RE: How to properly plan x-country trip with 43' 5er?

Philly to LA and back is just shy of 6000miles assuming no side trips. Given 30 days, that's 200miles per day. Assuming 50mph average (RV's generally travel slower and you add + an hour to break camp and set up camp that's 5hrs per day just to handle travel needs....EVERY DAY. If you actually start detouring off to see sites not on the direct path, you can easily push up to 8,000-10,000 miles. A month really is a short time to be doing a coast to coast trip. I would pick out some key destinations and focus on those with maybe a few 500-600miles days mixed in to allow you some down time from driving. As far as tools, Google Earth is a good option to start with. Put placemarks at potential destinations and then plot it out from there.
valhalla360 11/12/17 06:03am Fifth-Wheels
RE: Is it crazy to leave water in your tanks in storage?

This is a great plan...if you want to learn how to do plumbing repairs.
valhalla360 11/12/17 03:59am General RVing Issues
RE: Motorcycle towing?

Google Swivel Wheel Trailer.
valhalla360 11/10/17 10:37am Dinghy Towing
RE: RV site as a home base?

Your $1800 total seasonal site comes to nearly the same cost as our year round full hookup site next to our cottage. Plus we get the cottage thrown in for free in that comparison... ;) And no, we're not "flipping real-estate". The cottage was originally built by my father-in-law in 1947, and we have no interest in selling it. Our daughters frequently use it during the year, especially during the summer boating and swimming season and the winter cross-country skiing and ice fishing season. If you already have the site and will keep it regardless of the camping situation, of course it comes out pretty well as the incremental cost is minimal. That doesn't really apply for the OP has he will have to factor in the cost of buying land, upgrading the land, ongoing costs and eventual sales costs. Might break even in the long run but as you say, the annual costs are likely about the same. But if the OP buys, the money sunk into the land is a lot less liquid and if it doesn't work out, there is a good chance of significant losses. Spending a year or two with a seasonal site to make sure you like the lifestyle and area makes a lot of sense.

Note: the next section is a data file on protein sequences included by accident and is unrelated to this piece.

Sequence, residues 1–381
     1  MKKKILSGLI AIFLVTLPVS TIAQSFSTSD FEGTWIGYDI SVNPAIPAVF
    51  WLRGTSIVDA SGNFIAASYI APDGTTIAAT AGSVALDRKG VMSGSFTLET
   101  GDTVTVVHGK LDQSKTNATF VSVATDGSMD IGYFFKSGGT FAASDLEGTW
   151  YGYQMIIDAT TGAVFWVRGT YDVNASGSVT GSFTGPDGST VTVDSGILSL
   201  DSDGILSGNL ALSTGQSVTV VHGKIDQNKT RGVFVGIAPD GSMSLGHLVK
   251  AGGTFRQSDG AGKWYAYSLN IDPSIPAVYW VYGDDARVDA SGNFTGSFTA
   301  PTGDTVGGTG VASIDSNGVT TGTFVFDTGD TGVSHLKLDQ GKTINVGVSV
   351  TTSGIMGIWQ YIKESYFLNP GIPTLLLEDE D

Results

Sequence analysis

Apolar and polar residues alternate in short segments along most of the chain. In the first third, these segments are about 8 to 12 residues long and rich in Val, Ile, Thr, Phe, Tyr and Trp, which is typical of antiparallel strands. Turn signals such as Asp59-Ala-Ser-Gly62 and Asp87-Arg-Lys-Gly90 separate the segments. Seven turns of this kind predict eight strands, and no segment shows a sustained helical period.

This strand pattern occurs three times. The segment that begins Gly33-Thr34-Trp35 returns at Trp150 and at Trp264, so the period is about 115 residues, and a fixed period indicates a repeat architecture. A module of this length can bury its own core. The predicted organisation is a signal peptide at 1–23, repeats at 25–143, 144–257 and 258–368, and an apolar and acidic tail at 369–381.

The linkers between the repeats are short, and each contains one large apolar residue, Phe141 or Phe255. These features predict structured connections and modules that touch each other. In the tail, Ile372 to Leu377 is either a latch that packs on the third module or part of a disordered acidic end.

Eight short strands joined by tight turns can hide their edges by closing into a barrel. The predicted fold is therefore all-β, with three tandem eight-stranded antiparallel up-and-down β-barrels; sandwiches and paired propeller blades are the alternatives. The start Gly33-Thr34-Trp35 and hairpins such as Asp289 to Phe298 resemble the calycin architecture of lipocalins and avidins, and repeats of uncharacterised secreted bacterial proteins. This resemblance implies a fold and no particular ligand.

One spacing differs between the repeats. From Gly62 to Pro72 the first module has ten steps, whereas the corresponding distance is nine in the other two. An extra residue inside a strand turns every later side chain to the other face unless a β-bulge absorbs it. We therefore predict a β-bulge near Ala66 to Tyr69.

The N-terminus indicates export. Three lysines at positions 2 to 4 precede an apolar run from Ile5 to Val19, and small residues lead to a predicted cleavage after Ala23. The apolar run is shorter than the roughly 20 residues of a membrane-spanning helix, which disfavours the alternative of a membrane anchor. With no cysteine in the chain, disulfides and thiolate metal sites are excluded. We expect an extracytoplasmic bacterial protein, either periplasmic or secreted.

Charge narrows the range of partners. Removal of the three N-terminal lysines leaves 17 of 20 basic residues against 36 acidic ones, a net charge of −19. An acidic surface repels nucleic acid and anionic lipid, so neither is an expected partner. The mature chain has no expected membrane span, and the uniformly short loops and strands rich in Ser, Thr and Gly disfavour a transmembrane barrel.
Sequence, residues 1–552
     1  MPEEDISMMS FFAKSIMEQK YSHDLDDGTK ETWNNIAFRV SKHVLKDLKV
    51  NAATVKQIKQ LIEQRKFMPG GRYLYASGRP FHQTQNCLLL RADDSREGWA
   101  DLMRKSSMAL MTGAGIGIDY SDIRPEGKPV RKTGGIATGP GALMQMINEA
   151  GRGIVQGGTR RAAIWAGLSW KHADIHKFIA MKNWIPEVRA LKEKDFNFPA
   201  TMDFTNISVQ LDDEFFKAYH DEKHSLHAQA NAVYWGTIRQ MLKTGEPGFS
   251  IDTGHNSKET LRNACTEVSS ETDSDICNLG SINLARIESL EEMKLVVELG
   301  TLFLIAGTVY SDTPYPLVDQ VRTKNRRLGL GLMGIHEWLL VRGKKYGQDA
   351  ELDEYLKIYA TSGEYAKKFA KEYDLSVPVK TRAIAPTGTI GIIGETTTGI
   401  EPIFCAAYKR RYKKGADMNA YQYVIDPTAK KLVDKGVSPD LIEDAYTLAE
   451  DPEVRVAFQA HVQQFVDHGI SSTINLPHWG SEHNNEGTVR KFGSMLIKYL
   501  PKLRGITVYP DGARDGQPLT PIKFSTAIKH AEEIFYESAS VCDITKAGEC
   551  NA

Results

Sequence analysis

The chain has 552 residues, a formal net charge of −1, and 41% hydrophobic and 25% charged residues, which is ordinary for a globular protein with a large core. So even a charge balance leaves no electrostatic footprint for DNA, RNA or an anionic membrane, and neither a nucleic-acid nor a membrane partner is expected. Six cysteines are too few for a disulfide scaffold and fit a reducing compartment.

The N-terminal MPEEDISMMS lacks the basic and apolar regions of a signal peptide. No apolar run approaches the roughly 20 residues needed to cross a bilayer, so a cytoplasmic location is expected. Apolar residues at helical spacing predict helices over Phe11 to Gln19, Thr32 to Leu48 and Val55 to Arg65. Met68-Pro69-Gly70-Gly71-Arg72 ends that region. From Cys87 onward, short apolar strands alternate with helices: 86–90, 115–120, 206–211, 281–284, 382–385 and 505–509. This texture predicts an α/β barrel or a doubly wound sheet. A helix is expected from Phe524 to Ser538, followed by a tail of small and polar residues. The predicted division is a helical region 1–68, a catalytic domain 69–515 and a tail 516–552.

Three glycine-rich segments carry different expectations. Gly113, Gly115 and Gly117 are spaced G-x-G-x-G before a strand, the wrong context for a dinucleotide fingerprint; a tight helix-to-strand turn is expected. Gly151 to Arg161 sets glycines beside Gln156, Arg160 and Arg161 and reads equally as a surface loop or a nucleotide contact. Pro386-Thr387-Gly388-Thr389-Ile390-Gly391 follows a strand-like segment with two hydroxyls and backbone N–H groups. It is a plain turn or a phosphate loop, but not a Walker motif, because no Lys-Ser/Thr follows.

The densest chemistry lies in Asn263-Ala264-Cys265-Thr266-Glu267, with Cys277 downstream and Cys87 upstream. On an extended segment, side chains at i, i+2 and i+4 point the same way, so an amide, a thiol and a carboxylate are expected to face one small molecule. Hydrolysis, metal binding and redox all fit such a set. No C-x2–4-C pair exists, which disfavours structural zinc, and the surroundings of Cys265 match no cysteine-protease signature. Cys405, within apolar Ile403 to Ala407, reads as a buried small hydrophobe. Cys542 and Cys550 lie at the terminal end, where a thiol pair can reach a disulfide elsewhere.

valhalla360 11/10/17 05:09am Full-time RVing
RE: 5th Wheel Suggestions for Full Time Family???

Also get tough real quick to take 6 in a pickup. For the size you are talking about, you are looking at a 1ton SRW minimum and probably a DRW. Are you trying to save money? The cost of a new truck and trailer will kill you especially when you consider depreciation.
valhalla360 11/09/17 06:55am Full-time RVing
RE: RV site as a home base?

We have a lakeside cottage in the Adirondacks Our costs to maintain the cottage including utilities and taxes only come to a couple of thousand dollars a year, much less than what a year round RV park site would cost in most places. Last couple years we've had a seasonal site (with year round storage included if we choose) for $1600 in southern Michigan. Only thing extra is electricity which totaled about $200 last year. Now if you are flipping real-estate and happen to use it as a site, that can work but I wouldn't count on making money unless you have a history of investing in real-estate. This is particularly true if you need to hire out work to add driveways and utilities.
valhalla360 11/09/17 02:03am Full-time RVing